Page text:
16. manahale, 5 years ago
      The ID of hide scraper puzzles me. I've not seen any hide scrapers, modern or ancient that looked like this and with the eye positioned the way it is. do you have any photographic links to support this?
    17. blunderbuss2 blunderbuss2, 5 years ago
      I like your attitude Manahale. I don't find any like this either. Why the socket when it would be easier to use without it ? I've trapped & scrapped hides.
    18. UncleRon UncleRon, 5 years ago
      I vote that it's definitely NOT a hide scraper. It is some kind of axe.
      And yes, a blacksmith could have forged a repair but in the absence of a blacksmith the cut-out would have been a "field expedient" repair.
    19. blunderbuss2 blunderbuss2, 5 years ago
      I'm with you Ron. Battle ax. One of G.W. Bushes ancestors may have even claimed it to be a weapon of mass destruction.
    20. kerry10456 kerry10456, 5 years ago
      here's a couple:
      http://www.worthpoint.com/worthopedia/antique-whaling-fishing-whale-fleshing-knife
      last photo on this one(Modern repo)
      http://wftrapping.com/skinning_fleshing_pelter_knives.htm
      and lastly another modern:
      http://www.macesfursandtraplinesupplies.com/knives.php
    21. Alan2310 Alan2310, 5 years ago
      My 2 cent on this and I am with kerry10456, was very close, I see this kind of tools, not a weapon ( definitely not a axe) at the civilization museum in Quebec City.
      The handle was extended on both side of the blade to be use to remove the thick layer of fat from a whale, this very old tool from the first quarter of 19s.

      Regards
      Alan
    22. Alan2310 Alan2310, 5 years ago
      Here is one post here 2 years ago
      http://www.collectorsweekly.com/stories/111394-flensing-blade-or-whale-blubber-knive

      Regards
      Alan
    23. blunderbuss2 blunderbuss2, 5 years ago
      Sorry Kerry & Alan. Both of you are grasping at straws ! I DO KNOW whaling implements & all the blubber cutters I've ever seen had long handles in line with the cutting edge, more like a spade. No cigar guys !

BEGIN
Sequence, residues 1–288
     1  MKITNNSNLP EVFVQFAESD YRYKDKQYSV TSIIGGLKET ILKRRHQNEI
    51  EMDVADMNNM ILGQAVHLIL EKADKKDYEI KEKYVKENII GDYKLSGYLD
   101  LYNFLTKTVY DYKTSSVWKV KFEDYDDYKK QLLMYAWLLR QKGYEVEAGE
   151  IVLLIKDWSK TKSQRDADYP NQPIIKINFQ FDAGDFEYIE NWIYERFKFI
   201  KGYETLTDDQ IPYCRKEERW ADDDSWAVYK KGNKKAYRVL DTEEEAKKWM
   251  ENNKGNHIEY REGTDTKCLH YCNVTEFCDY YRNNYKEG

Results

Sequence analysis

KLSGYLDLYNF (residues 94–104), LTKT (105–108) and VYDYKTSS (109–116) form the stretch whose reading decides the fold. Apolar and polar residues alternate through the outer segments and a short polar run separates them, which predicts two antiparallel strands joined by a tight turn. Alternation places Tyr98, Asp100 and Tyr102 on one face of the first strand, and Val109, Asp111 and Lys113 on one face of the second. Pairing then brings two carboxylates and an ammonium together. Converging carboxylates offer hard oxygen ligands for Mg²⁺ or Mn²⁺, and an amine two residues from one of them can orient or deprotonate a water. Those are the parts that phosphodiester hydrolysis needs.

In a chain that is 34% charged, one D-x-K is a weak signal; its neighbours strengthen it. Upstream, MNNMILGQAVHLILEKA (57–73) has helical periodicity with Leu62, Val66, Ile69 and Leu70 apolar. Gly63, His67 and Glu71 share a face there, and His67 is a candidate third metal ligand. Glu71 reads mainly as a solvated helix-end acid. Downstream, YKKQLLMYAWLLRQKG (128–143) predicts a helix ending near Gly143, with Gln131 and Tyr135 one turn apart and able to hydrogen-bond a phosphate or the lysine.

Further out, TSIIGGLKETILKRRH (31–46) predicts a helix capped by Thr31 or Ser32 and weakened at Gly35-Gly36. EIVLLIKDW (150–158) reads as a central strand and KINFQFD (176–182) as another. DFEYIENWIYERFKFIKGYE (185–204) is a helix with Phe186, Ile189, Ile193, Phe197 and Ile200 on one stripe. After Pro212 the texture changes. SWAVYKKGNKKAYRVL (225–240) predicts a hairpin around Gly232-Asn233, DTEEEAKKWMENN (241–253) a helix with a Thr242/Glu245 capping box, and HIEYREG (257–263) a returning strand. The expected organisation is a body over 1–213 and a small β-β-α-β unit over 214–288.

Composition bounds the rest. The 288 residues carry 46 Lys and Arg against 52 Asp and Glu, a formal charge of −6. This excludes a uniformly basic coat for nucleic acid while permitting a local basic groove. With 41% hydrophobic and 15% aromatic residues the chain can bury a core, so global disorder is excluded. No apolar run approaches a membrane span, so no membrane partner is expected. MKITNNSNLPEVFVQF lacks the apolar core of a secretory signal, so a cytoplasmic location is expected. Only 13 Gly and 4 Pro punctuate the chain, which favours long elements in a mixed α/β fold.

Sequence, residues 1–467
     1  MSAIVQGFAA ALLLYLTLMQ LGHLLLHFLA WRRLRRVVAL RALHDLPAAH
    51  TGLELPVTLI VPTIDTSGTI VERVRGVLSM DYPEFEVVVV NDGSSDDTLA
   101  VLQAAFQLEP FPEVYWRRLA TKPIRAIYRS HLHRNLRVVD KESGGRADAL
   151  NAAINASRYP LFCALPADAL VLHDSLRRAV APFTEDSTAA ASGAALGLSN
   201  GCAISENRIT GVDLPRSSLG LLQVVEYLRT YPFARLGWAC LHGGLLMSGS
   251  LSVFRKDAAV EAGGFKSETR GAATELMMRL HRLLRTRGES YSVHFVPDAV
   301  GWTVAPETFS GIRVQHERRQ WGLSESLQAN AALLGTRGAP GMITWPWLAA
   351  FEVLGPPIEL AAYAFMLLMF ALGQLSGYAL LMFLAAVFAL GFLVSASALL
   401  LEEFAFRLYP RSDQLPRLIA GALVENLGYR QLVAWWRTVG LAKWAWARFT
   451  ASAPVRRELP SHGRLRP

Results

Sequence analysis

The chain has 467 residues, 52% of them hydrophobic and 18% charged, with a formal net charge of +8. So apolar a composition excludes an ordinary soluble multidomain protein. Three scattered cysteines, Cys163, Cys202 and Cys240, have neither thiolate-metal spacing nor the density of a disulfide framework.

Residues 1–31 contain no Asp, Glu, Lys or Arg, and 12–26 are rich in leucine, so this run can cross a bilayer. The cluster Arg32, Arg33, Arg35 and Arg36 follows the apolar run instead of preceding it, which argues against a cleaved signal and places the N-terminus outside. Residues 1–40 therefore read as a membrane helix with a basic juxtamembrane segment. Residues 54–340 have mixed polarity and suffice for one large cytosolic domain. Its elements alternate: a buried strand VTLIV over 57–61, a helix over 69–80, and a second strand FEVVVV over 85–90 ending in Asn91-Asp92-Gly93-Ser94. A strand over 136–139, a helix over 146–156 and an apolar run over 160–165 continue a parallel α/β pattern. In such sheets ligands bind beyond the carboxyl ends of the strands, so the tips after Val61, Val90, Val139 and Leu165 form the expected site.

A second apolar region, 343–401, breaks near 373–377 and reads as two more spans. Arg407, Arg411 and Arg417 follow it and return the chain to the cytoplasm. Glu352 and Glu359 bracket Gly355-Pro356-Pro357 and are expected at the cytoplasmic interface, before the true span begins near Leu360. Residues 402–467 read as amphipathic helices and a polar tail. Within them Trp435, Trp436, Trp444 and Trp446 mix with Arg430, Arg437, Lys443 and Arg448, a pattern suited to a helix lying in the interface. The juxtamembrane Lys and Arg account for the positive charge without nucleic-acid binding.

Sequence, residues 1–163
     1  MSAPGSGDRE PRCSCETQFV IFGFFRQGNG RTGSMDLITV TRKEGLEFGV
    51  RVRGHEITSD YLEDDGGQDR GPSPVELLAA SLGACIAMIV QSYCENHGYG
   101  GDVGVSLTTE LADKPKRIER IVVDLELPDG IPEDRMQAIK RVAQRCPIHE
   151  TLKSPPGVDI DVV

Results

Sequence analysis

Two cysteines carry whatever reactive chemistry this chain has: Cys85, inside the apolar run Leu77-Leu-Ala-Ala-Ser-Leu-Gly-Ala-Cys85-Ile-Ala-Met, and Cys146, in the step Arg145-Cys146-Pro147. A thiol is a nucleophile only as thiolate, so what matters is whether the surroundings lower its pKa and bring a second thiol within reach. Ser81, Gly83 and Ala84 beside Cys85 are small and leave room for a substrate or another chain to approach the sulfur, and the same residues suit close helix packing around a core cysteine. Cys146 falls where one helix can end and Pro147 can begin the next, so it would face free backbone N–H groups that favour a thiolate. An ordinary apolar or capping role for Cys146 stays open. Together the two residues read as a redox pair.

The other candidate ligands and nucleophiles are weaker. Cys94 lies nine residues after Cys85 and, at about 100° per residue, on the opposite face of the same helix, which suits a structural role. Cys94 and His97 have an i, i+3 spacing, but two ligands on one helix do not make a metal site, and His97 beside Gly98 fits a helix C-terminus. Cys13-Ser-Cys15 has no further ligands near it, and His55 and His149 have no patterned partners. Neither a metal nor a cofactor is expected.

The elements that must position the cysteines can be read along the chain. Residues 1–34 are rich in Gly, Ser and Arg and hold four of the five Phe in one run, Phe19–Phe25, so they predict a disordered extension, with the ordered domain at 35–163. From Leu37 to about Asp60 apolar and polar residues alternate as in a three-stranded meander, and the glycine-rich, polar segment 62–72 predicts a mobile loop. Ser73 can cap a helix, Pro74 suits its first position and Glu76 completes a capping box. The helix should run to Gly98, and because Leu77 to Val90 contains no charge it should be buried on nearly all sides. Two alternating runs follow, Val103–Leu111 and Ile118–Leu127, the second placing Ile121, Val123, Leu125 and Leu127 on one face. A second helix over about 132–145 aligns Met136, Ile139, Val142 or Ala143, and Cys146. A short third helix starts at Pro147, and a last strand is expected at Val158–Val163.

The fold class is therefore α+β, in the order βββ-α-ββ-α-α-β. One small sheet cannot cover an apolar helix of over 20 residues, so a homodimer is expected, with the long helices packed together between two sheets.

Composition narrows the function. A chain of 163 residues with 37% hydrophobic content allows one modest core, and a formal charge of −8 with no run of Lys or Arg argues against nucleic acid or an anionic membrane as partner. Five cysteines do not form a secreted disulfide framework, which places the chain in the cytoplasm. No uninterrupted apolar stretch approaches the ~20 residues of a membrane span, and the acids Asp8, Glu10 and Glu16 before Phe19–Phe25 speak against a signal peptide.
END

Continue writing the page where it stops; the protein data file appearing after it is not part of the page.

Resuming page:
24. Windwalker, 5 years ago
      I think it belong to Eric the Red ...and the Indians got it after they killed him here ...

      https://www.google.com/search?q=battle-axes&espv=2&biw=1280&bih=923&tbm=isch&tbo=u&source=univ&sa=X&ved=0ahUKEwj94ebU2ZjNAhUCJR4KHQ5jB5oQsAQIGw
    25. Windwalker, 5 years ago
      https://www.youtube.com/watch?v=COkx6Dzs4VM
    26. Windwalker, 5 years ago
      Mystery Solved...just a repo..........
    27. blunderbuss2 blunderbuss2, 5 years ago
      Possibility, but it appears smithy forged. OK Wind, a repro what ? ax, flesher, scraper, blubber knife etc. ? LOL !!
    28. Windwalker, 5 years ago
      Well if you watch the utbe the fella said they were hand forged..the copies...that is,... as far as it being a flesh tool ...lol its Slavic battle axe replica from Wulflund/Arma Epona...U were Right When U said It was a battle Ax,,,smiling

    29. kerry10456 kerry10456, 5 years ago
      LOL Forged from a railroad spike.....
    30. blunderbuss2 blunderbuss2, 5 years ago
      Yea, mon ! No invites & 1st class tickets to the Royal Danish Museum ? What a let-down ! (17 days & a wake-up & home bound !)
    31. AzTom AzTom, 5 years ago
      I'm not convinced it's a new one. The one in the video has an oval handle hole and it is clearly new smooth iron.

      The one here has aged pits and more of a crude forging than the new one has, just say'n.
    32. blunderbuss2 blunderbuss2, 5 years ago
      I agree Az. Either way is conjecture without expert examination & possibly testing.
    33. diggin4s, 4 years ago
      google "inuit ulu" images, these people would create tools from whatever washed ashore or frozen in the ice, some of the critters they skinned weren't tiny or bare skinned